No thought leader management team is complete without a process for medical science liaison training. Medical science liaisons (MSLs) tweak their knowledge and practices in response to constantly evolving compliance regulations and continuous clinical research. But, MSLs don’t go it alone. Companies offer MSLs training to help them keep up with the latest regulations and research. Perhaps most importantly, medical science liaison training allows a company to standardize MSL processes across its widespread teams. Continue reading
It’s no secret that our communication practices continually evolve to match our communication capabilities. Why write a letter when you can make a phone call? Or call when you can send an email or text message? Why not use any number of social channels to reach out to, not just people you know, but the companies that you support? Medical information teams must now take on the daunting task of meeting customers — both patients and physicians — where they operate, while still remaining compliant.
Many pharma companies’ medical information teams receive requests via a number of different channels, including telephone, email, social media and fax. Physicians may also submit inquiries through intermediaries such as sales reps and medical science liaisons (MSLs). While traditional channels — telephone and reps — remain prominent, digital channels are gaining traction. One interviewed call center manager noted, “I’d say that just as recently as 3 or 4 years ago, three-fourths of our medical inquiries came in on fax or letter or phone call. Now I’d say that over two-thirds come in by email.” Continue reading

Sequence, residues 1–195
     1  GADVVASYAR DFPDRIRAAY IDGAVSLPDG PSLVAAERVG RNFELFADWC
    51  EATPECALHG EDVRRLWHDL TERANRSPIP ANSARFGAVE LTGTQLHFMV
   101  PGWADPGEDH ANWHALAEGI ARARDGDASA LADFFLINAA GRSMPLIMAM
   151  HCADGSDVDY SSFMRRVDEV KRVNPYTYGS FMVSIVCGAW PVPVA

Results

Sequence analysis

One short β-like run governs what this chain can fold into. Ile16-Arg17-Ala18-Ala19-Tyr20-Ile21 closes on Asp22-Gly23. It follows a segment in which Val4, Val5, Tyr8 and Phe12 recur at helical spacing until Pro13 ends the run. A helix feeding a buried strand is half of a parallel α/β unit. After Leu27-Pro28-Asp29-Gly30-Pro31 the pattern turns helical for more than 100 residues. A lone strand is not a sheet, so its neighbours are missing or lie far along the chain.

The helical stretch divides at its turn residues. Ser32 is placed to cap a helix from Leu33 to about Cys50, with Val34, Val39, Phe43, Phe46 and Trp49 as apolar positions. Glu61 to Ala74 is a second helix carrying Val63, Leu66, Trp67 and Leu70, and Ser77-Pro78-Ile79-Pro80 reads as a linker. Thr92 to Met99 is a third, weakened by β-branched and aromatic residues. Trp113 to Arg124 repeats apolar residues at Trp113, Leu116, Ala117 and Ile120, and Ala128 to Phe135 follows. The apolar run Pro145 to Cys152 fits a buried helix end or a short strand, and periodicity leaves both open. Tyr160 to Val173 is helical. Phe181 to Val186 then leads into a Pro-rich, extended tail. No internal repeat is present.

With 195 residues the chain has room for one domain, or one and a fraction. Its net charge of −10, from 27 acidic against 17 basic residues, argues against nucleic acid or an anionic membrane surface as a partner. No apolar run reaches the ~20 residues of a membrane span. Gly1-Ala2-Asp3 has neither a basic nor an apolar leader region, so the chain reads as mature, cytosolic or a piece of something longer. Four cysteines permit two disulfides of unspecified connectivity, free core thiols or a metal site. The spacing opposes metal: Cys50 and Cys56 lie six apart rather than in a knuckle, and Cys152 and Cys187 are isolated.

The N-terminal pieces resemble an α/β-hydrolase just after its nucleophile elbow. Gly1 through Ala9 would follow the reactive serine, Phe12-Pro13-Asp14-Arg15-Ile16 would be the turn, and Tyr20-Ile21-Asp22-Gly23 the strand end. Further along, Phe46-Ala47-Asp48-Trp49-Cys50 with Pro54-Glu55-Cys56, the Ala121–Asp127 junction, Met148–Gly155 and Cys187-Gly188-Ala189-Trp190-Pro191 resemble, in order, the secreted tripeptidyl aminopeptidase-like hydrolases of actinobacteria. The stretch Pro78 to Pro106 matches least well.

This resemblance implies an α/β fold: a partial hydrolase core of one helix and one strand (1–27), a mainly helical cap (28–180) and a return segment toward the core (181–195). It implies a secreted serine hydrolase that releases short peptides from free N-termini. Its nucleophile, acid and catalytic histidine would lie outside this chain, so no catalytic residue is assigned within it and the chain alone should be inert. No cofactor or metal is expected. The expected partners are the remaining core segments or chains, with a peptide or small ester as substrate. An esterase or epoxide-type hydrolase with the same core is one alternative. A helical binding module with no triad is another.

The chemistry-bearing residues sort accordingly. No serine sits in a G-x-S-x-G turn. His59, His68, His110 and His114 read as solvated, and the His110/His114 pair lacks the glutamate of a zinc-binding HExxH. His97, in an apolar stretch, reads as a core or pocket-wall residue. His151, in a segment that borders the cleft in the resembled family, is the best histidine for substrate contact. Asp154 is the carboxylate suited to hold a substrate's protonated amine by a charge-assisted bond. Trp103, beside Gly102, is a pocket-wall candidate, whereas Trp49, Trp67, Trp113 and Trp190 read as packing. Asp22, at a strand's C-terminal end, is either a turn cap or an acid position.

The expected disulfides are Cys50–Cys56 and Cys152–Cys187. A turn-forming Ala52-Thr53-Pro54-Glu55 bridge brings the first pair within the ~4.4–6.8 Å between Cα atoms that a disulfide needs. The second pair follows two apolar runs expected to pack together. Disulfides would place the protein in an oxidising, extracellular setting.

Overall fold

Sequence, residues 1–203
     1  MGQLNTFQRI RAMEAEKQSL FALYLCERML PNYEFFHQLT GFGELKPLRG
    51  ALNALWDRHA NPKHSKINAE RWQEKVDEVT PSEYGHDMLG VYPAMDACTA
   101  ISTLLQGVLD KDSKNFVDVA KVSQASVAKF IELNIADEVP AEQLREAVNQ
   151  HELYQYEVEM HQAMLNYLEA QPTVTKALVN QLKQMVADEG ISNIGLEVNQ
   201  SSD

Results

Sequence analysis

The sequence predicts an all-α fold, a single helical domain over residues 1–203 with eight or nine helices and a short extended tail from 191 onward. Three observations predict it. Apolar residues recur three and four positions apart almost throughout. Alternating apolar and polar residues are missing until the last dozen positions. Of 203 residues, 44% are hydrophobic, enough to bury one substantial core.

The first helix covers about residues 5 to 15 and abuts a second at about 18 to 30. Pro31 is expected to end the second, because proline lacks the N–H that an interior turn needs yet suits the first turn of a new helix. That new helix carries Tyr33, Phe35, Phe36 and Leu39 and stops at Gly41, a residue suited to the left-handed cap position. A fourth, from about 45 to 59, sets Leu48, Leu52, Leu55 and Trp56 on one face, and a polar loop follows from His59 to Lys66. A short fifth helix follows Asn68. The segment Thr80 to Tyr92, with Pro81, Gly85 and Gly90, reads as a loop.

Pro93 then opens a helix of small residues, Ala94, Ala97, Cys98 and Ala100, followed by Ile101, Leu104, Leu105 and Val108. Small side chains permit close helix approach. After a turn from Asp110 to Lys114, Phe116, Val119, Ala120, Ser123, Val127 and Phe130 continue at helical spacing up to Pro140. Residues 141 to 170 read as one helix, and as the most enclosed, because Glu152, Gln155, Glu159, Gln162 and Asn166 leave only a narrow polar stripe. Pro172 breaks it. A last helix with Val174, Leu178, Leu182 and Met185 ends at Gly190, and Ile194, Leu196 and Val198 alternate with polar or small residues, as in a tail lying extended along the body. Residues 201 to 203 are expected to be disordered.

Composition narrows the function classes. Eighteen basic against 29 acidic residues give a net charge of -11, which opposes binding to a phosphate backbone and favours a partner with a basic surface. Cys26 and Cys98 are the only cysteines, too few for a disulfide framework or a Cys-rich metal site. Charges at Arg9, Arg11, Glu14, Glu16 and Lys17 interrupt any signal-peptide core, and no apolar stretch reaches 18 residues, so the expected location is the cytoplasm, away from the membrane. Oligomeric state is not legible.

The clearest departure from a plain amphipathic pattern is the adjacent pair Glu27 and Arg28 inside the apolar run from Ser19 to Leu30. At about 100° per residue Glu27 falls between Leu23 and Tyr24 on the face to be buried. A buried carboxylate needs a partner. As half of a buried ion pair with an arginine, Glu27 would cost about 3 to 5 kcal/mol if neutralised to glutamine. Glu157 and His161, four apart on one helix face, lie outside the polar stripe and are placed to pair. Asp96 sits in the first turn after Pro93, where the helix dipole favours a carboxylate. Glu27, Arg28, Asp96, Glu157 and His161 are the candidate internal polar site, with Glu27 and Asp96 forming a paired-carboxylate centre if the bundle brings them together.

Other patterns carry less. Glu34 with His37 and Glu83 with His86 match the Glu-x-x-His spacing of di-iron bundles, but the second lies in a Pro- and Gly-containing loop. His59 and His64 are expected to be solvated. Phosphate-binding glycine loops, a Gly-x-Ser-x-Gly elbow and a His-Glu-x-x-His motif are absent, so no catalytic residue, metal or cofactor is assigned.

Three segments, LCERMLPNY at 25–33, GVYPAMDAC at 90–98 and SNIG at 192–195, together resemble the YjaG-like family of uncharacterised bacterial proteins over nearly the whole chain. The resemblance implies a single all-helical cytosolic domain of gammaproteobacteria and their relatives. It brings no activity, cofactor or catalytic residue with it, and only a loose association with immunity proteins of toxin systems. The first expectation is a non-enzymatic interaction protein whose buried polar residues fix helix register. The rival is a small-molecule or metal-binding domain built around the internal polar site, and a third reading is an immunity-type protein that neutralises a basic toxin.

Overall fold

The MSL role should be an easy to define. But if that’s the case, why do MSL titles vary so widely across the pharmaceutical industry? Besides medical science liaisons, there are also regional medical liaisons, clinical science liaisons and regional scientific liaisons. Independent of their actual title, they all perform the same essential duties — bridging the gap between pharmaceutical companies and the medical community. On the surface, the definition of an MSL is quite logical; however, once you take into account all of the typical responsibilities, the MSL role begins to look quite complex. Continue reading
Within the life sciences industry, medical publications groups are tasked with a critical responsibility: sharing company findings and new scientific brand support details with the healthcare community. To ensure that these key medical communications groups are working efficiently, companies should provide them with the resources needed to meet demands. Whether teams are responsible for 5 or 500 publications per year, companies should right-size the staffing and budgets allocated to these efforts. They should also consider company structure. Cutting Edge Information’s recent study on medical publications departments highlights how top-performing pharmaceutical and device organizations resource and measure performance across various high- and low-output team structures. Continue reading
Call centers are big business and very important communication tools for pharma companies. US call center budgets can top $4 million a year and medical information managers should take care to monitor pharma call center performance metrics closely. The first step is to decide which call center metrics are most important to your company. Continue reading